And if you're going to spend a lot of time in any one fictional universe, "Star Wars" is a great choice. From the John Williams score to the sheer coolness of lightsabers to the heroes and villains we love, "Star Wars," like the Force, will always be with us.

The Middle-Earth movies

Whether you want to do a "Lord of the Rings" trilogy marathon, a "Hobbit" marathon, or both, a prolonged visit to Middle-Earth is a treat you shouldn't deny yourself. In fact, plenty of fans have made marathoning the movies one of their own personal traditions.

It's easy to see why. The movies have a gift for capturing the essence of high fantasy and evoking Tolkien's world of true heroism, courage, honor, self-sacrifice, bittersweetness, and natural beauty. Despite all the strife we see there, Middle-Earth is a place you want to escape to — often literally, with the popular "Lord of the Rings" tours offering fans a chance to immerse themselves in the movies' stunning landscapes. Even the persistent tinge of melancholy is an important part of the appeal. As The A.V. Club put it, "'The Return of the King' ultimately proves up to the series' increasingly difficult task: making movies that echo legends, making legends that reflect life, and reconciling it all with the fact that both legends and lives all eventually meet their ends."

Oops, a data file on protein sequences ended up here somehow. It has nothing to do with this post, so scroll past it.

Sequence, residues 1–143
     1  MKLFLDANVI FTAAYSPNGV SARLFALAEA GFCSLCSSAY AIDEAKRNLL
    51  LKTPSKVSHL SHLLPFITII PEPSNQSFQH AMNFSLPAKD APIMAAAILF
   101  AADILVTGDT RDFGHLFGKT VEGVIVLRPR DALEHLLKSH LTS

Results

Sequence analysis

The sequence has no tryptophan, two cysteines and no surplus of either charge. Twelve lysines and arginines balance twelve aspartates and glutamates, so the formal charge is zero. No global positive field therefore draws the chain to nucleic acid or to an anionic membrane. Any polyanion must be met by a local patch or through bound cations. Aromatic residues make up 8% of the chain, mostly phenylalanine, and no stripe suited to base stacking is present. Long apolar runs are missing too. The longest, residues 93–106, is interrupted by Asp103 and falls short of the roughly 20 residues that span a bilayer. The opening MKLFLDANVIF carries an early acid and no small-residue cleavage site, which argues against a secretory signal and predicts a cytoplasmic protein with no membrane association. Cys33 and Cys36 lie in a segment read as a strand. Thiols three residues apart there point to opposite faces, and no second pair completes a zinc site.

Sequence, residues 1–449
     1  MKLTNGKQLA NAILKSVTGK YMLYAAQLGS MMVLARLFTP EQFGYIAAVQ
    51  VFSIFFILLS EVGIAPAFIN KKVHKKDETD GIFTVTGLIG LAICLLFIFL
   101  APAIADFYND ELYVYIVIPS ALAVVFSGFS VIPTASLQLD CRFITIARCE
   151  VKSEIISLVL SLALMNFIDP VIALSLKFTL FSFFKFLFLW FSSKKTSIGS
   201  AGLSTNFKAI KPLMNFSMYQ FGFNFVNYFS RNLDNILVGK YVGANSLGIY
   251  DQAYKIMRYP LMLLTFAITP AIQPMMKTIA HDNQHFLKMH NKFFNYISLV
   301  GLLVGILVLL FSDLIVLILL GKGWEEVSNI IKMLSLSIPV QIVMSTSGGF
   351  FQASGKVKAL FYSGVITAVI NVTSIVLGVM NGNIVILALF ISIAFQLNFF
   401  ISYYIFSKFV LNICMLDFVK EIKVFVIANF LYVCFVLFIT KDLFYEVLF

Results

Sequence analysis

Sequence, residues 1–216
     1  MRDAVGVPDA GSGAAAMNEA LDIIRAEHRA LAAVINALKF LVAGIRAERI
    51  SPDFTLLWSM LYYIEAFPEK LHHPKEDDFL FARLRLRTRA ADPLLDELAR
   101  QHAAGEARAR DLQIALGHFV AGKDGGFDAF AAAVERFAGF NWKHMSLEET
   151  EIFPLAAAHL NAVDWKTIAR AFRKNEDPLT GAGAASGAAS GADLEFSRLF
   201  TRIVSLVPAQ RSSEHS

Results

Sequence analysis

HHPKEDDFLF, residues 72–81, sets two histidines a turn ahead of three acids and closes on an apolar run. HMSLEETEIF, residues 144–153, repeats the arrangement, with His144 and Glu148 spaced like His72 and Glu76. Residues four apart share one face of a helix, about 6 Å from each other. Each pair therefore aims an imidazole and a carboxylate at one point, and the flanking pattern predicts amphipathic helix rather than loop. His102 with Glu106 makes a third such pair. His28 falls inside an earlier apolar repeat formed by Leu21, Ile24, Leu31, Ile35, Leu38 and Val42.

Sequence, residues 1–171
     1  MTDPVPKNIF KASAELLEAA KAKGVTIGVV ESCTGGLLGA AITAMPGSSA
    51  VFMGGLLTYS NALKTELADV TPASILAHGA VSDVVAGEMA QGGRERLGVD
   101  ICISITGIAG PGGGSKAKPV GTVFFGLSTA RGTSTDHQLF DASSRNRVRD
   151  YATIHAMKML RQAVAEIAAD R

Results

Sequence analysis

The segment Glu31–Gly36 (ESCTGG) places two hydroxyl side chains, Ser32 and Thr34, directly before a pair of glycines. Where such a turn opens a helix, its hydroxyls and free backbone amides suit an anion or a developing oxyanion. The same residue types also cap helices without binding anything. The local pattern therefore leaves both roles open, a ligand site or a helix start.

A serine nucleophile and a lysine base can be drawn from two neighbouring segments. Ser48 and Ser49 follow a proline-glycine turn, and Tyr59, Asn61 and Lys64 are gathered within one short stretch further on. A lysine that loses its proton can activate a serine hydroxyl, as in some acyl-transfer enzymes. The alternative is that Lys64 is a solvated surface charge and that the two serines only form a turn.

In short, the series feels like real life, only somehow purer and truer. That's the finest escapist fiction can offer.

Marvel Cinematic Universe

The Marvel Cinematic Universe shook up the entertainment landscape. Few movie franchises have hit its level of cultural importance, and few have duplicated its incredible success in giving us so many blockbusters that are fun, poignant, exciting, quippy, and emotionally involving.

MCU binges have even made their way into theaters. If you wanted to, there was a time when you could settle in for almost 60 hours of non-stop Infinity Saga. And from the groundbreaking "Iron Man" and the political thriller-esque "Captain America and the Winter Soldier" to the hijinks of the "Ant-Man" movies and the sheer epic satisfaction of an "Avengers: Infinity War" and "Endgame" double-feature, Marvel has something to offer just about everyone.

And as Marvel gears up for even more releases, we look forward to our MCU binges getting even longer — and even fresher and more varied. Kevin Feige, the man behind the MCU's success, told Variety, "I've always believed in expanding the definition of what a Marvel Studios movie could be. We try to keep audiences coming back in greater numbers by doing the unexpected and not simply following a pattern or a mold or a formula." That expansion doesn't just keep the franchise in theaters — it keeps it in our hearts.